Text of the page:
Ask the Doctor
Questions about kidney disease? Risk factors? Signs and symptoms? Are you concerned about yourself, a friend or family member? Ask Dr. Spry.
New York, NY
October 18, 2000
In response to conflicting reports over whether NBA star Alonzo Mourning's kidney disease was caused by regular use of anti-inflammatory drugs, the National Kidney Foundation says there is no established link between chronic use of analgesics and focal glomerulosclerosis, Mourning's condition.
Focal glomerulosclerosis is characterized by scarring of the glomeruli, or main filtering units, which are situated on the outer part of the kidney. When this scarring occurs, kidney function deteriorates and protein leaks into the urine. Analgesic-related kidney damage results in a distinct condition called interstitial nephritis, an inflammation of the inner part of the kidney that can lead to loss of kidney function.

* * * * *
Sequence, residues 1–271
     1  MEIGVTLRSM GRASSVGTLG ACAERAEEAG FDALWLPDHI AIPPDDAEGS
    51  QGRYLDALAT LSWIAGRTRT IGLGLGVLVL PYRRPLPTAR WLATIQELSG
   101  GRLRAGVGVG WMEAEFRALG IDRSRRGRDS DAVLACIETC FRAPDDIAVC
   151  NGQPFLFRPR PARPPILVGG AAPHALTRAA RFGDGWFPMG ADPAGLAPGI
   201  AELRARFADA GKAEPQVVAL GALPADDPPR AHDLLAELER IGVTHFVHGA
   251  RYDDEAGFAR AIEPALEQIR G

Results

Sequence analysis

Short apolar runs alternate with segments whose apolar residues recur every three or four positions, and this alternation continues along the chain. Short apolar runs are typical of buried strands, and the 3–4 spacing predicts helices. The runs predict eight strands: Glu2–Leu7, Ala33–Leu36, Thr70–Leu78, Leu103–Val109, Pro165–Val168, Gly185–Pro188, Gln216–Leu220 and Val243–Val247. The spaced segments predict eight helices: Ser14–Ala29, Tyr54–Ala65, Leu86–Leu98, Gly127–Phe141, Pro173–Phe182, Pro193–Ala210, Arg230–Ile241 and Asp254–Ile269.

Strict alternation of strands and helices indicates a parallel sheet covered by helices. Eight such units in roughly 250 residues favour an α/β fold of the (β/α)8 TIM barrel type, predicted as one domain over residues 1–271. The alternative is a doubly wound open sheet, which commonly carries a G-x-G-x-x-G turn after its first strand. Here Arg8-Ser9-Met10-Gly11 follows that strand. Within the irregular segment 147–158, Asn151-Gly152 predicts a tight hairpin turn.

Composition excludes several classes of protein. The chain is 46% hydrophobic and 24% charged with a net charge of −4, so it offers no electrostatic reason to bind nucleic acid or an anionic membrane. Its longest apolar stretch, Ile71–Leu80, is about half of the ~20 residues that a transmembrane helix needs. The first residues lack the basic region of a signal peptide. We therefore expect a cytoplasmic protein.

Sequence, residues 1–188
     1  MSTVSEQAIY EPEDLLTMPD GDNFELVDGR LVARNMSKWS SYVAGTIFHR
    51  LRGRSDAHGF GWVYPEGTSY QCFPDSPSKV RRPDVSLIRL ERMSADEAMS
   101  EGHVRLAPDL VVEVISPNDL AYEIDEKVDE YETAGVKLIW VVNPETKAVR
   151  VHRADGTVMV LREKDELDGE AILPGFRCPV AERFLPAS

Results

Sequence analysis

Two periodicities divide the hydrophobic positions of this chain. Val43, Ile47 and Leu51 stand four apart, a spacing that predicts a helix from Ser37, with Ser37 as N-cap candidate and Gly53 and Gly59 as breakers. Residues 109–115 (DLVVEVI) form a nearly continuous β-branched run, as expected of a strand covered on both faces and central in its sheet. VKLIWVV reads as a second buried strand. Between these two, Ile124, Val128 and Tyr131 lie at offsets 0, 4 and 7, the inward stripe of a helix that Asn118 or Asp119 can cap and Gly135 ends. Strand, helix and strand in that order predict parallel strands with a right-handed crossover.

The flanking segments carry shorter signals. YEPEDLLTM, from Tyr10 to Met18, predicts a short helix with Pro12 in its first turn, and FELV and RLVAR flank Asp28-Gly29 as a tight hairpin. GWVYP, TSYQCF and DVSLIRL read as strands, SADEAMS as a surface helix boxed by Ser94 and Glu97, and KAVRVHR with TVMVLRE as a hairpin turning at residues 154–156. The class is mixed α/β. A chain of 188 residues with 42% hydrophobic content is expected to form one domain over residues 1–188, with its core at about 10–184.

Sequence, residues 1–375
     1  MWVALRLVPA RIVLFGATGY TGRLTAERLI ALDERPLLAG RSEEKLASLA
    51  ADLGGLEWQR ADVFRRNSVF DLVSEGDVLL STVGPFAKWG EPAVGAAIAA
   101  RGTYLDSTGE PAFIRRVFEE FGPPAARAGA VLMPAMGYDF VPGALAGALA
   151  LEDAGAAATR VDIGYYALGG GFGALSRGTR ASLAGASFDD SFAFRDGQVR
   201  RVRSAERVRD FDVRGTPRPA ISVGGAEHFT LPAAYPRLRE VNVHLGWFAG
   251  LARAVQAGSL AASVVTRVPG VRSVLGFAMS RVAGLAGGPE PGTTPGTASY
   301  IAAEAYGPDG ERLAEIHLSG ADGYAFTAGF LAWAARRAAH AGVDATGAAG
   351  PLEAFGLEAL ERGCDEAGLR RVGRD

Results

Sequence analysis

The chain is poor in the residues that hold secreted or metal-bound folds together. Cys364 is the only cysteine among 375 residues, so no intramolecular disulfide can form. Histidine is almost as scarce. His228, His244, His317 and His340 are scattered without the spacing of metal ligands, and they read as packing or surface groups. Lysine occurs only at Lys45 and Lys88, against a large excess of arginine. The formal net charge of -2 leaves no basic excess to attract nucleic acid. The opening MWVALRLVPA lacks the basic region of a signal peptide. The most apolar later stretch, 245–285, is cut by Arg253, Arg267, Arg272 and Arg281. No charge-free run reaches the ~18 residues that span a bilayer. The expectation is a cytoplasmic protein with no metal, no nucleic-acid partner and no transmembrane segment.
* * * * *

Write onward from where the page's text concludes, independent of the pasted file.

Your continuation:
For athletes such as Shaquille O'Neal, who expressed concern about regularly ingesting anti-inflammatory drugs, the National Kidney Foundation recommends periodic monitoring of kidney function. Those who are taking daily doses of analgesics should keep track of the drugs they are taking and get tested every six months. Testing of kidney function is inexpensive and reliable and can be done with simple blood and urine tests.
A warning sign of possible kidney damage is urine that is tea or cola-colored, bloody or unusually foamy.
The National Kidney Foundation is dedicated to preventing kidney and urinary tract diseases, improving the health and well-being of those affected by these diseases and increasing the availability of all organs for transplantation. For more information on kidney disease call the foundation at (800)622-9010.